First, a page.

No Problem Too Large or Too Small, Reasonable Fees
Proprietor Hercules (Roman name), also known as Heracles (Greek name), also known as Herc (Nickname)

Herc opened his door and yawned. It was early morning. The sun was just coming up.

His new case was rather unusual. Of all things, an oracle had suddenly stopped predicting prophesies. The townspeople had hired Herc to fix it. Herc knew his half brother, the god Apollo, was in charge of all the oracles. Herc had tried to catch Apollo at home. Only, Apollo was no where around. Herc also knew that Apollo brought up the sun every day, but here was the sun, and no Apollo. How could the sun come up without Apollo pulling it into place?  He did see Apollo's twin sister, Artemis, out hunting. She gave him a wave but did not stop to talk.

Since Herc could not find Apollo, he was going to have to solve this case himself. Why was the oracle reluctant to tell people their futures? People needed their fortunes told. They counted on it. At least the town was nearby.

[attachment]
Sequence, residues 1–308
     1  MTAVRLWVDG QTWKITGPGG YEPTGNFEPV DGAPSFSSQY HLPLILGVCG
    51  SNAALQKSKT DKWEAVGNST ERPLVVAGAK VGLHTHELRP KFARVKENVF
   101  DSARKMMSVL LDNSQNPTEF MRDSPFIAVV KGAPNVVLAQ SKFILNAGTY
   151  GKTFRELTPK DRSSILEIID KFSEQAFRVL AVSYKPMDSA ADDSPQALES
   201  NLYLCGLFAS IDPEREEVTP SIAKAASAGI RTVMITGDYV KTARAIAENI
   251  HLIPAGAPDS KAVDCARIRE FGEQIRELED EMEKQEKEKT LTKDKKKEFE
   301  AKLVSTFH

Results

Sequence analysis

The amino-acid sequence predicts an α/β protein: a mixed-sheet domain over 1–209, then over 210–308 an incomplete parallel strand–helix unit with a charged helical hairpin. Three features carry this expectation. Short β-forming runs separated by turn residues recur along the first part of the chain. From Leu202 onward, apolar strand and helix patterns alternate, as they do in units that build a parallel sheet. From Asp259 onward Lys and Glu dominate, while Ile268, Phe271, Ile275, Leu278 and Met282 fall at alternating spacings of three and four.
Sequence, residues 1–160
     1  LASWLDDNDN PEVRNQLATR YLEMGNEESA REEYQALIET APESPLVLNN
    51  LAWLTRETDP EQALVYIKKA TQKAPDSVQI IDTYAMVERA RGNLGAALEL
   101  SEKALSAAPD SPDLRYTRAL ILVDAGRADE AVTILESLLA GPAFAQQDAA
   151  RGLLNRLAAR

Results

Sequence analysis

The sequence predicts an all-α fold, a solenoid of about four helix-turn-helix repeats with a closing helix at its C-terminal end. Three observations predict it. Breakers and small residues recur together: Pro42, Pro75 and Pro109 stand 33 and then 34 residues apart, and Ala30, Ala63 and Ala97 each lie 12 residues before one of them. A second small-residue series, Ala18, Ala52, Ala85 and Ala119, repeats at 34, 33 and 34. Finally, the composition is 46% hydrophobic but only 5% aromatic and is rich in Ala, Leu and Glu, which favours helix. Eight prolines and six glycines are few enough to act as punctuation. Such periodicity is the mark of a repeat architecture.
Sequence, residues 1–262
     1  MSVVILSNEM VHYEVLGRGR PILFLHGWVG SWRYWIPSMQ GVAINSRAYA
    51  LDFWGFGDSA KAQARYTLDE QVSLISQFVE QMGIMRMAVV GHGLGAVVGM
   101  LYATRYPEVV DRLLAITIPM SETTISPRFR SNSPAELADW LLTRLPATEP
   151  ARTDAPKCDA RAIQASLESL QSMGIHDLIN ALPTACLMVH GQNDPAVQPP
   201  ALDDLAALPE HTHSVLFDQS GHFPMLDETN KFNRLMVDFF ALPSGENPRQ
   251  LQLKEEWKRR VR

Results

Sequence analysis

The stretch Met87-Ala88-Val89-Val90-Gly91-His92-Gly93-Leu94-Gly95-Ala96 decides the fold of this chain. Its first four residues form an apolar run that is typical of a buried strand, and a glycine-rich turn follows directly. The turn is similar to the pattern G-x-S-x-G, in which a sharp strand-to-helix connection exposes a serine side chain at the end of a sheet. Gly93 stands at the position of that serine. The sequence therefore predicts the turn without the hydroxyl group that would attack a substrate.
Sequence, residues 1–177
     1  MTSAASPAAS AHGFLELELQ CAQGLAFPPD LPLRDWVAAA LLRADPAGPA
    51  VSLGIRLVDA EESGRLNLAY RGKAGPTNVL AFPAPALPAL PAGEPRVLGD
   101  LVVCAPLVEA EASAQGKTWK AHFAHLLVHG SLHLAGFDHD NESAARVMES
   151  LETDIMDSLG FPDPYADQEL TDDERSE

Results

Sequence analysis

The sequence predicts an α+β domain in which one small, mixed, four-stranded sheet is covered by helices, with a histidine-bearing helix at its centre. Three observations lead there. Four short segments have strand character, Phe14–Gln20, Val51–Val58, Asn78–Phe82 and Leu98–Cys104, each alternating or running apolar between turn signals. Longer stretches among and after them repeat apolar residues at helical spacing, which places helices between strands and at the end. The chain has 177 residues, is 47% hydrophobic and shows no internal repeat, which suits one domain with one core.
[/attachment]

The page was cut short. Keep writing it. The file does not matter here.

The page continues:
Herc headed for the oracle's temple/home. It was still morning when Hercules arrived at the town. Some of the villagers were milling about, staring at the temple doors.

"They're locked, Herc," they told him. "No one can get in."

"Stay here. Let me talk to her." Hercules wrenched open the temple doors and closed them behind him. Inside, he found a worried looking woman peeking out at him from behind some furniture. Her face was nearly covered with a wrap. What he could see of her face lit up when she saw him.

"Hercules!" she screamed. She leaped out from behind the furniture and ran across the room, catching Hercules in a very tight hug. "Apollo sent you!"

"No, the townspeople sent me. They're worried about you. Why do you need Apollo?"

"I need him to fix this." She unwrapped the scarf she had wound about her head and face. "I have a toothache. Worse than that. I have a swollen jaw." Without the scarf, her face looked remarkably lopsided and rather purple. It was not a good look for her.

"That must hurt," Herc winced. "This might sound rather obvious, but why have you not visited the dentist?" Hercules patted her arm in a comforting sort of way.

"If I'd gone to the dentist right away, it would have been fine. But I waited too long. Now look at me! People will say I should have known. They'll lose faith in me. They'll stop bringing me food and wine and I'll starve. I might even be asked to leave so a new oracle could take my place. The townspeople cannot know."